The odd tale of how Apple has so far been denied the trademark for the iPad mini name has taken another odd turn, but things are definitely looking up for the company.
As we reported last week, the U.S. Patent and Trademark Office (USPTO) was denying Apple’s request for a trademark on the iPad mini name as it was seen as “merely descriptive.” It stuck many people as odd, especially in light of the fact that Apple had been granted a trademark previously on devices such as iPad nano.
It seems that someone at the USPTO reviewed the situation and determined that particular objection actually didn’t make much sense. MacRumors found that in paperwork dated last Wednesday that the objections have been withdrawn without Apple having to do anything.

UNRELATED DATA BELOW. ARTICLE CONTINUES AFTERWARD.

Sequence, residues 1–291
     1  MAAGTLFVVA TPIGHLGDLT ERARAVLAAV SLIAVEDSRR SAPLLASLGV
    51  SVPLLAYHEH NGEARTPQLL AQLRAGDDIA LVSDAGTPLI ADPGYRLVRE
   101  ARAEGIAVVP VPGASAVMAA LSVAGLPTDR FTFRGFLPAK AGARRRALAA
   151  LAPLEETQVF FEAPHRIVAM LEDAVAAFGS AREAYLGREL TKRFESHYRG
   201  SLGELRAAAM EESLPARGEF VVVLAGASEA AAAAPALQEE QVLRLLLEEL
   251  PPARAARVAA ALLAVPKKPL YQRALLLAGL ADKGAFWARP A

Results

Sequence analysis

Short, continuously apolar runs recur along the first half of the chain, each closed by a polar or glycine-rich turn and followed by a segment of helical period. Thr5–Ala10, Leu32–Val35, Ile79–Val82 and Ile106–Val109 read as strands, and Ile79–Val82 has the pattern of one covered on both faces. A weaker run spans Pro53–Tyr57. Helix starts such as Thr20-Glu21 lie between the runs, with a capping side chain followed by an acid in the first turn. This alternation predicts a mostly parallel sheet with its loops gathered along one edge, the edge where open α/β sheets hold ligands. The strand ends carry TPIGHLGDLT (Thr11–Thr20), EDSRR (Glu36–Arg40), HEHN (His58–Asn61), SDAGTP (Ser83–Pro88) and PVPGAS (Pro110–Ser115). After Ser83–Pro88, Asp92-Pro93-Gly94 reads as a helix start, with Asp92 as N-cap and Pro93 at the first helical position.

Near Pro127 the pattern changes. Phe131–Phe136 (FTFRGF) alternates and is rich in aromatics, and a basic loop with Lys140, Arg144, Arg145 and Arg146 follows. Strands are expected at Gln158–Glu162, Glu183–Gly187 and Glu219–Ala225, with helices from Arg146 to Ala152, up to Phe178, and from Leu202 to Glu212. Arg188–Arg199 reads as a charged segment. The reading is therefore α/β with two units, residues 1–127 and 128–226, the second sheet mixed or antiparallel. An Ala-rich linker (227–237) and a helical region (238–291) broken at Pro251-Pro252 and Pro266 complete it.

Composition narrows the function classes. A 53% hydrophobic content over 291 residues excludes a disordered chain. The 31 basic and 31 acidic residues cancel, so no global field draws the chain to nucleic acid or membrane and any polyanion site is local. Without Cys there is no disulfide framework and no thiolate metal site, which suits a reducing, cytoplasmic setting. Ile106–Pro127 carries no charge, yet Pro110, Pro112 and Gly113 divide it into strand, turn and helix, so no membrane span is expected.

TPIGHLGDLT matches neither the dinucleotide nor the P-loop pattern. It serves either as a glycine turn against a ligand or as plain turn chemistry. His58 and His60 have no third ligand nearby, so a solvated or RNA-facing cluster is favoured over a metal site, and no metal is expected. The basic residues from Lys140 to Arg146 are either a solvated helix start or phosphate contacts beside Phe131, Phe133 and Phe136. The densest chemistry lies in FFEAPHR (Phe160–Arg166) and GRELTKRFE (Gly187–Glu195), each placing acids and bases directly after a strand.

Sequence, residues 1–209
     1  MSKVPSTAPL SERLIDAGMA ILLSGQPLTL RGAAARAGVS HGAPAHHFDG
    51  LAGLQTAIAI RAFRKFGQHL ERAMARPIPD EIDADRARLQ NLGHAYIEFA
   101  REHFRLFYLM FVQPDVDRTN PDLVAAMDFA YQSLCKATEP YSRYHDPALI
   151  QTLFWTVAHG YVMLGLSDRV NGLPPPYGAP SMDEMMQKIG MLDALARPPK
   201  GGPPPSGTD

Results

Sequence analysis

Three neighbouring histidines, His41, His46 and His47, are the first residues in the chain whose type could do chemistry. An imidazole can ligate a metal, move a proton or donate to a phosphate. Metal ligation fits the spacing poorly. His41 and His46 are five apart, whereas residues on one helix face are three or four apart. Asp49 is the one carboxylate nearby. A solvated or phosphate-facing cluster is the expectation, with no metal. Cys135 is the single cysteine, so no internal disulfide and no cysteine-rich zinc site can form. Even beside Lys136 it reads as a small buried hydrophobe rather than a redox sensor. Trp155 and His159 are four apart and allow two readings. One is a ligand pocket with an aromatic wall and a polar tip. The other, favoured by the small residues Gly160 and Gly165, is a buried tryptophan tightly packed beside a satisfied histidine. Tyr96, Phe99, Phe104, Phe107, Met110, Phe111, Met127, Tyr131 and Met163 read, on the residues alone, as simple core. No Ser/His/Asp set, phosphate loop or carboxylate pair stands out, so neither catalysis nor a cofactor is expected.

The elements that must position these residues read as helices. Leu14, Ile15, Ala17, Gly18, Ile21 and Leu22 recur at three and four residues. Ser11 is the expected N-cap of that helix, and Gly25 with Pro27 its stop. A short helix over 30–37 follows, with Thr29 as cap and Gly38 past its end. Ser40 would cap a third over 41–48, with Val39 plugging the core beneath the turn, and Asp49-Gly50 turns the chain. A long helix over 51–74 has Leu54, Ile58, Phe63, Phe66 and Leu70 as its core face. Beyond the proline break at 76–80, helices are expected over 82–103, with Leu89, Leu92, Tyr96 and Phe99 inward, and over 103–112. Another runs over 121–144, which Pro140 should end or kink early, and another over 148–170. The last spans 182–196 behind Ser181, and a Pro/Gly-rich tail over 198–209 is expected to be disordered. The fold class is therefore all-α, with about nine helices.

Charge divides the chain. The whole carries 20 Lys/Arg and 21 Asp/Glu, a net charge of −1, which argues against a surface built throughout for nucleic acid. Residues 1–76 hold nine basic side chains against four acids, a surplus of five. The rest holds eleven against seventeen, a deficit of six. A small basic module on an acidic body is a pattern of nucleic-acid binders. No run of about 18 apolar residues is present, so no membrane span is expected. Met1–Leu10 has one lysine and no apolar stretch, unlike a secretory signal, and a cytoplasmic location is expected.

This Office action supersedes any previous Office action issued in connection with this application.
Upon further review of the application, the examining attorney has determined that the following refusals issued in the initial Office action should be withdrawn. The examining attorney apologizes for any inconvenience caused.
The Trademark Act Section 2(e)(1) descriptiveness refusal and the Sections 1 and 45 specimen refusal are both withdrawn.
This does not mean the trademark has yet been granted, however. The USPTO notes that there is still an ongoing check to make sure that no other trademarks have been filed for the name. There is also a request for clarification that Apple is only looking to secure the word “mini” as it relates to the iPad mini and not in general which would bar other companies from using the word in product names.
It seems the remaining hurdles are minor and Apple will eventually secure the iPad mini trademark.